Instructional Strategies Home Page
Keywords: Instructional Strategies, Language, 7-9
Recently, I was working to teach adverbs and their use to a group of hearing impaired Middle School students. The concept of adverbs and "words that tell how" was quite difficult for them to grasp. Implementing adverbs into their own speech was a further challenge. The initial introduction to adverbs was done through the book "The Chocolate Touch".This book is great for teaching adverbs and provides ample opportunity for students to spot adverbs. Once the students had a basic understanding of adverbs and their use, reinforcement was needed. In order to meet the needs of the students, a master teacher I was working with helped me to develop a game that would provide the students with practice in forming, using and recognizing adverbs. The game is very simple and easy to implement. Here is how it works:
The teacher writes instructions, such as "quickly walk to the blackboard" or "gently tap your neighbor on the shoulder", on a number of index cards. The students take turns choosing a card. They then perform the action stated on the card.The other students in the class guess what the card said. If they correctly identify the adverb and action they get a point.Some kind of scoring system is developed and a winner may, but does not have to, be chosen at the end.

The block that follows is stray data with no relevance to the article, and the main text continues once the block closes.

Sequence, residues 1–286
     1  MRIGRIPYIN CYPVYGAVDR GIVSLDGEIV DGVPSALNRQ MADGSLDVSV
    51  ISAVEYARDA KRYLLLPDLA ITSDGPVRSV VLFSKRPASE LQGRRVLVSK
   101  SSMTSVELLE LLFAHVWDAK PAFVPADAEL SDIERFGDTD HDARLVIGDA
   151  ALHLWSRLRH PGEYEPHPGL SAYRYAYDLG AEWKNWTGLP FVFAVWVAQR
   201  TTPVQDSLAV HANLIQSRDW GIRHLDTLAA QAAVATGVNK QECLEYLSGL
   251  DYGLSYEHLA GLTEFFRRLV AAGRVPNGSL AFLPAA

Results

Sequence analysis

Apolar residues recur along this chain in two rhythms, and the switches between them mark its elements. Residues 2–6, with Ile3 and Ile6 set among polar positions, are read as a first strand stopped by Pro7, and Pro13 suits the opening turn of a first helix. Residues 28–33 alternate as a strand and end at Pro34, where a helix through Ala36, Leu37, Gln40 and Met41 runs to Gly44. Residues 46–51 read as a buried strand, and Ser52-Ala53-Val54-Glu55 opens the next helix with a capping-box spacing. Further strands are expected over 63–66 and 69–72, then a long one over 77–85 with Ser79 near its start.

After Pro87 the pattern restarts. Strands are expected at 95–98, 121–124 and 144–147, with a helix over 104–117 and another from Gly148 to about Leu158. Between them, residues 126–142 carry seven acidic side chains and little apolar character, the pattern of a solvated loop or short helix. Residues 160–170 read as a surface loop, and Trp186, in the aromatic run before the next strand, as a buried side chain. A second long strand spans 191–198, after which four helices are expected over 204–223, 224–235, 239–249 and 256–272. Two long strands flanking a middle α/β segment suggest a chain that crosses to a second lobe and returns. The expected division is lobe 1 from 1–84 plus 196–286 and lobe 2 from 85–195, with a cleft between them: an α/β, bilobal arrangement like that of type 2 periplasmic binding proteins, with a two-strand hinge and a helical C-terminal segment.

This activity worked really well in my class as the students participated enthusiastically and tried very hard to come up with appropriate adverbs. It also encouraged them to think of synonyms or similar adverbs as actions may be described in more than one way. Once they are comfortable with adverbs, the students may create and share their own adverb cards to make the game more their own. The game is a fun activity that can last as long as a whole class or as little as ten minutes at the beginning or end of a session.
Uploaded By: Jodi Gray/KSU/Deaf Education Major